Bishop follows in father’s footsteps to Ama Dablam
Brent Bishop and Wally Berg are leading an expedition to Ama Dablam, paying homage to the stunning Himalayan peak’s first ascent by Bishop’s father.
It’s been 41 years since Barry Bishop and three others were the first to make it to the summit of a mountain that Sir Edmund Hillary had previously called “unclimbable” and “fantastically difficult.”
This month, Bishop’s son Brent is co-guiding an expedition for Berg Adventures International that will follow the same route up the southwest ridge.
Our goal is to summit the 22,494 ft. peak in mid-November. While the mountain is not the highest in the Everest area, it is considered an extremely technical climb.
We’re inspired by the successful 1960-1961 World Book Encyclopedia Himalayan Scientific and Mountaineering Expedition, led by Hillary.
Scientists and mountaineers from five countries spent eight months exploring human’s ability to survive in an inhumane, abnormal environment.
Hillary and Marlin Perkins from Chicago’s Lincoln Park Zoo led an adventurous search for evidence of the Himalayan snowman or yeti. They found snow tracks, furs, scalps and even a hand that locals claimed came from the yeti. When they took the evidence to Europe and the U.S., however, the ‘scalp’ turned out to be from the back of a serow goat which had been cleverly stretched over a pointed form and the furs were determined to be from the Tibetan blue bear. An exhaustive search concluded with “serious doubt” on the existence of the yeti.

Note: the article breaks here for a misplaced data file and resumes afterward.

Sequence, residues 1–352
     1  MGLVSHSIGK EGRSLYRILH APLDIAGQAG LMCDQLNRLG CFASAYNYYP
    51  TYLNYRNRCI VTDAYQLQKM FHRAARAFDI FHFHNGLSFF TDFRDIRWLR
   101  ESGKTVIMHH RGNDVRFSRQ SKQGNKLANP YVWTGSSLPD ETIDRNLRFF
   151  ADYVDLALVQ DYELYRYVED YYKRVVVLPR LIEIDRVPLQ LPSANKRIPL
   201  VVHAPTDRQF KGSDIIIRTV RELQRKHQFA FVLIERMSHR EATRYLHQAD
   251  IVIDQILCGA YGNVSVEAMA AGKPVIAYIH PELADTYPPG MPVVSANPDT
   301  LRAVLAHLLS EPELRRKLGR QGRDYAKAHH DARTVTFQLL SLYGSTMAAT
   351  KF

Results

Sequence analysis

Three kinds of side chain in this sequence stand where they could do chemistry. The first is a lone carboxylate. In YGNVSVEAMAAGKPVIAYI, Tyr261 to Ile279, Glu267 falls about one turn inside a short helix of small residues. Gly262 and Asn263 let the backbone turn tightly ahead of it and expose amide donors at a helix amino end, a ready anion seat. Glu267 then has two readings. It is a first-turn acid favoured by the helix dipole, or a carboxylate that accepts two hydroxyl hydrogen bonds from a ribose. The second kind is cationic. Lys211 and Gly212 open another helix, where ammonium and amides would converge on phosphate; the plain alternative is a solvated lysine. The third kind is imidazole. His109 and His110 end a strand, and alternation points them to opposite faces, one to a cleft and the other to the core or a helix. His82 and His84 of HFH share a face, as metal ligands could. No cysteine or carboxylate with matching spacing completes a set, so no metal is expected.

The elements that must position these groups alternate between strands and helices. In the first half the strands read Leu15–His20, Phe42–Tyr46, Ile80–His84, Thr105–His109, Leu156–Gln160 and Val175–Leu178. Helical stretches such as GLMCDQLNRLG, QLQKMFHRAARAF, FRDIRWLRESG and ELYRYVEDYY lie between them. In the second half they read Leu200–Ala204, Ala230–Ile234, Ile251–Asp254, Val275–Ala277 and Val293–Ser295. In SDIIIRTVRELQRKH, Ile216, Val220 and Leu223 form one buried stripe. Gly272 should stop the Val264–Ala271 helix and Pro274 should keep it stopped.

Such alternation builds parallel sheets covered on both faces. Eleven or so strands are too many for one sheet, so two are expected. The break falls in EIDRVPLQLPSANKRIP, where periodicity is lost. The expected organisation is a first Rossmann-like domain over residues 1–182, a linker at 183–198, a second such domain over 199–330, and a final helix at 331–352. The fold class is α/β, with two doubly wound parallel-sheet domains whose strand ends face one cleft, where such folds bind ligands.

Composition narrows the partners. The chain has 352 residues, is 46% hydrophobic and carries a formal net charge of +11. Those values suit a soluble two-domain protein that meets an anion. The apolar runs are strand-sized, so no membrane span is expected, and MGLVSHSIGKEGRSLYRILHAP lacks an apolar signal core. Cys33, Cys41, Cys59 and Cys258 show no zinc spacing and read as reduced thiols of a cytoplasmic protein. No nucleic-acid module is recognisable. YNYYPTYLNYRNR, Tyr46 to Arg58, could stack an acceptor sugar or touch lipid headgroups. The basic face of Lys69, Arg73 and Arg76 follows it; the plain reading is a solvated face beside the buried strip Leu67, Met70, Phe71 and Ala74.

Meanwhile, other members of the expedition combined mountaineering with scientific research, based out of the Silver Hut camp located at the base of Ama Dablam at 19,000 feet. The group’s main mountaineering goal was to summit Makalu, but glaciologist Barry Bishop, and teammates Mike Ward, Wally Romanes and Michael Gill decided to give Ama Dablam a shot.
They spent three weeks searching for a route, with the assistance of Sherpas Gumen Dorje and Pemba Tensing, and used 1,500 feet of fixed line before making the push for the summit.
On March 31, 1961, Barry Bishop wrote, “We have accomplished the unheard-of feat of climbing a high and difficult Himalaya peak in winter.”
Brent Bishop has given Berg Adventures access to his father’s collection of photographs from the first expedition. They offer a unique view of early Himalayan mountaineering, and we are proud to present some of those images here: